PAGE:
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You can apply to vary any condition of your release order (bail) with the consent of the Crown Attorney. You will need approval of the variation to be signed off by a judge or Justice of the Peace, and your original bail conditions remain in effect until you receive the signed and approved form.  There must be a justified reason for wanting to change a condition of your release order. If the court feels as though they need more information, the court may decide to hold a hearing.

If the Crown refuses to agree to a bail variation request, you can apply for a bail review by a judge of the Superior Court of Justice.

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  • Factual Innocence:If the Crown is unable to prove the essential elements of the particular offence beyond a reasonable doubt, they will have failed to discharge their burden, and the accused will be acquitted.
  • Accused™s Belief in Consent: The Crown must be able to prove beyond a reasonable doubt that the complainant did not consent to the assault. A defence to an assault charge may be that the assault was a consensual fight (i.e. a fight between players during a hockey game or a consensual bar fight). However, a person cannot consent to an assault where a party intended to cause bodily harm. It will be difficult to raise a consent defence where a weapon is alleged to have been used.
  • Self-Defence: Self-defence is commonly invoked in assault cases. One™s actions may be justified in certain circumstances, such as where one has to protect yourself or someone else. In order to successfully argue self-defence, one must be able to demonstrate that:
    • there were reasonable grounds believe that he or others were at risk of acts of force or the threat of force;
    • the accused™s actions were committed for the purpose of defending or protecting themselves or someone else; and
    • the act committed was reasonable in the circumstances.
  • Defence of Property: A person will not be guilty of an offence if they can demonstrate:
    • They have reasonable grounds to believe they are in peaceable possession of property or are acting under the authority of a person who has reasonable grounds to believe they have such possession;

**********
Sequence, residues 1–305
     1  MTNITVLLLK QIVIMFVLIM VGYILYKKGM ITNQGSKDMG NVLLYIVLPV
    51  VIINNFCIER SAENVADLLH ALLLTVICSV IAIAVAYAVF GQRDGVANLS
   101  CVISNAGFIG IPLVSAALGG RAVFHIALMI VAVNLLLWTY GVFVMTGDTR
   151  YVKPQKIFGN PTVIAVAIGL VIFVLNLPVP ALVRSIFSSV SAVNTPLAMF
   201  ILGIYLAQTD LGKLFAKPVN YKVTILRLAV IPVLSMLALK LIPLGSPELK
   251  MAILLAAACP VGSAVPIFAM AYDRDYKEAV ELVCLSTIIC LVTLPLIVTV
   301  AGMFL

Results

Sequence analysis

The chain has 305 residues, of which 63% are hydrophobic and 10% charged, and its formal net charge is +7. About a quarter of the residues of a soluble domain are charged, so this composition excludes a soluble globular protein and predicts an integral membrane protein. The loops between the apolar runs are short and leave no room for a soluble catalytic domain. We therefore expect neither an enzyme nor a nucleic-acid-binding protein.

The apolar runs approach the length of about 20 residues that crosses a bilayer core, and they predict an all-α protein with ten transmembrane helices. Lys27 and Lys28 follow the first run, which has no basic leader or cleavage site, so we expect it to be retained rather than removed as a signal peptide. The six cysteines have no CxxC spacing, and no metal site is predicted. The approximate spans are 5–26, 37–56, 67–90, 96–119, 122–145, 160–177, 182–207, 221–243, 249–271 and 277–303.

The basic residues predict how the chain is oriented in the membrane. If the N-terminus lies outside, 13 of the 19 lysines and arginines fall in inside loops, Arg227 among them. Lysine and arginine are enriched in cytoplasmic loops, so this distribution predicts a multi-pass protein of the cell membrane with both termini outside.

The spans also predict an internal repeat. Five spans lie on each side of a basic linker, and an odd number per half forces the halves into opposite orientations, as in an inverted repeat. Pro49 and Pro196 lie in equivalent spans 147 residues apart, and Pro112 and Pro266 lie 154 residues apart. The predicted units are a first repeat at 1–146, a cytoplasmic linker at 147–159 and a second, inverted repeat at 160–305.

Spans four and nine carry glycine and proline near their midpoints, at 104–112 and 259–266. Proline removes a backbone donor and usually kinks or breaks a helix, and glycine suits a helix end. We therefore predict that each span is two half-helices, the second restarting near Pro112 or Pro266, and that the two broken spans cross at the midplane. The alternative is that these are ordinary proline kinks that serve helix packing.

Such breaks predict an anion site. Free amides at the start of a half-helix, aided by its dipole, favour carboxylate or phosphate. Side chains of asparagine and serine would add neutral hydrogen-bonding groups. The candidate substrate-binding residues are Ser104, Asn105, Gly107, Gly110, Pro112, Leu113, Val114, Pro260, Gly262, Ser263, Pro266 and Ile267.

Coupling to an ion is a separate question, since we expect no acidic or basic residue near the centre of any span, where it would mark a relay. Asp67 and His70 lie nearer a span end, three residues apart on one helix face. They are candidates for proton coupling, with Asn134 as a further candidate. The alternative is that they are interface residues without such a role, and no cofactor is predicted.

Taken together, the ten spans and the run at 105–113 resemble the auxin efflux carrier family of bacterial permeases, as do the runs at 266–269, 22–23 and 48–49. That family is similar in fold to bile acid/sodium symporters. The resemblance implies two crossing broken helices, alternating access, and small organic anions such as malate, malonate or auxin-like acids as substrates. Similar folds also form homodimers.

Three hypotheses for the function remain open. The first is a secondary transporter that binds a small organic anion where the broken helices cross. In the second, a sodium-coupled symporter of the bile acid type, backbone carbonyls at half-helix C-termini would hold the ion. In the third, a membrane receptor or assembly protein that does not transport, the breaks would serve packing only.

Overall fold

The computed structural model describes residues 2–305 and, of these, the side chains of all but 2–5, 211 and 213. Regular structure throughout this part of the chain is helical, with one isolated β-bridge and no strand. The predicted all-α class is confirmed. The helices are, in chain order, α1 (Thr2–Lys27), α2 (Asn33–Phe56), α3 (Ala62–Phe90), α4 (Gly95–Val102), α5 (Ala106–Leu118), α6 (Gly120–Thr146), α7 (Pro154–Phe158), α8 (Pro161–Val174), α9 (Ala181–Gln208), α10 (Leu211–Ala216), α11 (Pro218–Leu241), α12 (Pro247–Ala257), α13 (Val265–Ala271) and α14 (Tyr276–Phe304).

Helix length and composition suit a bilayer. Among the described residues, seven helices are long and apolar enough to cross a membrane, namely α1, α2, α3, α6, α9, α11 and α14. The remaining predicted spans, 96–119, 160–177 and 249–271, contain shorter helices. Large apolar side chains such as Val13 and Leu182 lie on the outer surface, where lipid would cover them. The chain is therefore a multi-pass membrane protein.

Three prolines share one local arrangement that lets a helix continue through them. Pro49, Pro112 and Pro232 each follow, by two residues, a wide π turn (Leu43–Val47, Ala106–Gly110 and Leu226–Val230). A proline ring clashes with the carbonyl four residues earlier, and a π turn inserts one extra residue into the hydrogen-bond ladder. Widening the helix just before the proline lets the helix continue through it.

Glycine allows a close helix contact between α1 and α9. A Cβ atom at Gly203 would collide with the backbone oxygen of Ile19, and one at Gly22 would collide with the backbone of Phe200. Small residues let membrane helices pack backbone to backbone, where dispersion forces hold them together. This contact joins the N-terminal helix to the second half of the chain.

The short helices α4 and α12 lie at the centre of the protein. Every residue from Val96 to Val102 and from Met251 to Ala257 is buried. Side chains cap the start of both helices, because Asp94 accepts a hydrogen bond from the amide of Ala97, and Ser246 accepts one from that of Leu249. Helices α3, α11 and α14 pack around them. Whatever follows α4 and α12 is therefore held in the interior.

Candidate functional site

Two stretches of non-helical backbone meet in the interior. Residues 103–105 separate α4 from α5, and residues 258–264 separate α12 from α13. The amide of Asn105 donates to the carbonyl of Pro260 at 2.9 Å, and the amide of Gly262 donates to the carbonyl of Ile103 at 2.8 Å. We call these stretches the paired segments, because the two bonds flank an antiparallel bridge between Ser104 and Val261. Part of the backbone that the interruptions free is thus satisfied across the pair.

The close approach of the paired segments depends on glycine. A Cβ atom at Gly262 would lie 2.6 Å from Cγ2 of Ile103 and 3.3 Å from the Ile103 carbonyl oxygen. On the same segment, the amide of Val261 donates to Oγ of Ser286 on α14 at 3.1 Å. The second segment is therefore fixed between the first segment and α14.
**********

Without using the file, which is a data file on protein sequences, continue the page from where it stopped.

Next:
• They believe, on reasonable grounds, that someone has or is about to enter the property without authority to do so, is taking/about to take property, or has/is about to damage or destroy the property;
    • The accused™s actions were for the purpose of preventing that person from entering/taking/damaging/destroying the property; and
    • The act committed was reasonable in the circumstances.
  • Violation of Charter Rights: Under the Canadian Charter of Rights and Freedoms, individuals are afforded specific rights, including:
    • the right against unreasonable search and seizure;
    • the right to not be arbitrarily detained;
    • the right to be informed promptly of the reasons for arrest;
    • the right to retain and instruct counsel without delay; and
    • the right to be tried within a reasonable time.

A successful Charter challenge may also result in a stay of proceedings, or evidence from your case being excluded.

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If the Crown proceeds by summary conviction: the maximum punishment is a fine of not more than $5000 or a term of imprisonment of not more than two years less a day, or both.

If the Crown proceeds by indictment: the maximum punishment is ten years imprisonment.

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Consent is a potential defence in an assault case. There must be an absence of consent in order for the assault to be criminal. However, the ability to consent to an assault is lost once the accused intends to cause serious bodily harm.

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Assault with a weapon is a criminal offence, where a person carries, uses, or threatens to use either a weapon or an item which imitates a weapon. View More